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The Adventures of Huckleberry Finn
The Adventures of Huckleberry Finn
THE ADVENTURES OF HUCKLEBERRY FINN, by Mark Twain
Ernest Hemingway said, "All modern literature comes from one book by Mark Twain called HUCKLEBERRY FINN." Published in 1885, the novel is set in 1835-1845 in the Mississippi River Valley.

Even though Twain wrote THE ADVENTURES OF HUCKLEBERRY FINN after slavery had been abolished, the newly united country -- especially the South -- was still grappling with the aftermath of slavery and the challenges of Reconstruction. Twain exposes the hypocrisy of slavery: even "moral" people such as Miss Watson and Mrs. Phelps are corrupt because they see no disconnect between their religious values and their ownership of slaves. In a larger context, Twain's mythic tale of death, rebirth, freedom, and bondage uses slavery as the metaphor for all social bondage and institutionalized injustice and inhumanity.The novel is also a coming-of-age story, a bildungsroman: the adventures of the escaped slave Jim initiate Huck into the complexities of human nature and give him moral courage. Jim becomes a father figure for Huck; in deciding to save Jim, Huck grows morally beyond the bounds of his cowardly, cruel, and restrictive society.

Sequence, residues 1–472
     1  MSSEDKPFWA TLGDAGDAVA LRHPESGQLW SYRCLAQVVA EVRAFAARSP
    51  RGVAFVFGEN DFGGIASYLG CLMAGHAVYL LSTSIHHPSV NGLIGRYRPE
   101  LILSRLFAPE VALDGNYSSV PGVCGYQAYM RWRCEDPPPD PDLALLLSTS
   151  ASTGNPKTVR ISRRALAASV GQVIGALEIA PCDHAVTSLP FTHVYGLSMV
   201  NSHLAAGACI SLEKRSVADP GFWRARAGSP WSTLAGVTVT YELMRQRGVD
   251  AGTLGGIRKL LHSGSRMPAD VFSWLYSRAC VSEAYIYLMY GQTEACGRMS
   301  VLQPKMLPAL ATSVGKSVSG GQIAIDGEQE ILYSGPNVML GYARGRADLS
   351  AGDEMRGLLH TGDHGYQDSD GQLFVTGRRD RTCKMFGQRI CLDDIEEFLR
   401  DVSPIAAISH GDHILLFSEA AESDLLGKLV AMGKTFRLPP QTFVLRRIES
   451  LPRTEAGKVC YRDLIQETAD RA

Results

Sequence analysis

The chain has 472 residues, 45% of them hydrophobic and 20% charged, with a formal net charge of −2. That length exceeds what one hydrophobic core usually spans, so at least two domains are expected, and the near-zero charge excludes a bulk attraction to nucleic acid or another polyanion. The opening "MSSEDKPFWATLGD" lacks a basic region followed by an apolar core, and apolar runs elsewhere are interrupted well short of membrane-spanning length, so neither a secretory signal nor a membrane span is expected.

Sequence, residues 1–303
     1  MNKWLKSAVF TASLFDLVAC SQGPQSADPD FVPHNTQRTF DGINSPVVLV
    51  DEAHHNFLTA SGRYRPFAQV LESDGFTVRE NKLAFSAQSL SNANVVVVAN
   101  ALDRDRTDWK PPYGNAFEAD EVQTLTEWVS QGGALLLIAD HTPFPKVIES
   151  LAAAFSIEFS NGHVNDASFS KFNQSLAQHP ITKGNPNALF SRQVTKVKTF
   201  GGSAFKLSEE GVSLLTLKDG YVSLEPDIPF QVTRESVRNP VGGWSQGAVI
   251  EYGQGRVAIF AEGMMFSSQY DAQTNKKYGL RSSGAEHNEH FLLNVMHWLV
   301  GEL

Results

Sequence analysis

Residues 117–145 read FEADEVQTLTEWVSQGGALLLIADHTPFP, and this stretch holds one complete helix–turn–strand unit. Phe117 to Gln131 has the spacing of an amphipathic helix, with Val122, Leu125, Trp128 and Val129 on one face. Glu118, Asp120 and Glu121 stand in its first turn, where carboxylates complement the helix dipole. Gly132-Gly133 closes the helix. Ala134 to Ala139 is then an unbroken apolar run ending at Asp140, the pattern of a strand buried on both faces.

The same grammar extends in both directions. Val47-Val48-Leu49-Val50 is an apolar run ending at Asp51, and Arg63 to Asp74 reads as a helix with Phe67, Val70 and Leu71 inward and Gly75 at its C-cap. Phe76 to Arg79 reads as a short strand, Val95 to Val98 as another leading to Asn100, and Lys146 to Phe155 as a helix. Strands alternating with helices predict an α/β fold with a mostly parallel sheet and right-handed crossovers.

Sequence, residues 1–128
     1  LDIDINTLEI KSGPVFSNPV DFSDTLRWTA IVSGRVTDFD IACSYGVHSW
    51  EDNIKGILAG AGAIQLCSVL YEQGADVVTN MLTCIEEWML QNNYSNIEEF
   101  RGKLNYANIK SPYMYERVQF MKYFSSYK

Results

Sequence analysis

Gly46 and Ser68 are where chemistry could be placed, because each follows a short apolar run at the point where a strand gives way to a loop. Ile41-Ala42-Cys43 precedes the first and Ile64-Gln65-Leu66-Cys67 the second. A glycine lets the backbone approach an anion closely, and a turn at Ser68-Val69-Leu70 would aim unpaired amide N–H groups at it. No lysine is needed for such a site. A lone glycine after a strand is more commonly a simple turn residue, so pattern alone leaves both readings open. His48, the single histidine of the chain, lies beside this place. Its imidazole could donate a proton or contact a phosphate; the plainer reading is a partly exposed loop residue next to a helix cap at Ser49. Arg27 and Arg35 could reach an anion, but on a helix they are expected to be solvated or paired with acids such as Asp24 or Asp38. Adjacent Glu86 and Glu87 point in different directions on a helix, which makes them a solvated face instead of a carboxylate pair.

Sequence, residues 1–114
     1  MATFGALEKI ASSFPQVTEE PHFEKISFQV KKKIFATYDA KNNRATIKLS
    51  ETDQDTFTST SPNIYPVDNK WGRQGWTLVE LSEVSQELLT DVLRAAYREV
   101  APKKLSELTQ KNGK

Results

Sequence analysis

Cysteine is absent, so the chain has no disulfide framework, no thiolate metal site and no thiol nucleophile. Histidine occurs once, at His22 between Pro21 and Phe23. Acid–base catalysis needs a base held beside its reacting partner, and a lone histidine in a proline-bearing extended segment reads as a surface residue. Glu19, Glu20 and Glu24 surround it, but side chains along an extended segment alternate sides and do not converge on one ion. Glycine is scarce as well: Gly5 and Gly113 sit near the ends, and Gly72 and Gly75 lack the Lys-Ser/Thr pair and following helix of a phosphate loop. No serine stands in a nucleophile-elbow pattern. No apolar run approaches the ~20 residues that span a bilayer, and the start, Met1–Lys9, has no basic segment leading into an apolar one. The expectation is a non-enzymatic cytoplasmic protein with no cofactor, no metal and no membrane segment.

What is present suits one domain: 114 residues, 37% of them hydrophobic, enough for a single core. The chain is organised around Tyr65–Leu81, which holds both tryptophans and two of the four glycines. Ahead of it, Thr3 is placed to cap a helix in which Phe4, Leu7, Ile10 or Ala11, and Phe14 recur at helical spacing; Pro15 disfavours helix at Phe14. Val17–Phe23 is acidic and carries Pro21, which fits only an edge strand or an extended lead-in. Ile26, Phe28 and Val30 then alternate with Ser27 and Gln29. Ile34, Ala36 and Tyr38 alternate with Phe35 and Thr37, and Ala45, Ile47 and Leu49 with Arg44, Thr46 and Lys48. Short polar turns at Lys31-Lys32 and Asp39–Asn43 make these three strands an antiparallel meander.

Twain also attacked the romanticism of the South: the senseless feud epitomizes the South's mindless adherence to the myths of its past, its reliance on form over substance. Besides the novel's uproarious comedy, there is a tragic view of the Garden of Eden, one of the great visions of the unattainable world of the Noble Savage, the secular dream of salvation. The pure world of the raft is ultimately overwhelmed by progress, symbolized by the steamboat, but the mythic image of the river remains, as vast and changing as life itself.

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The American Novel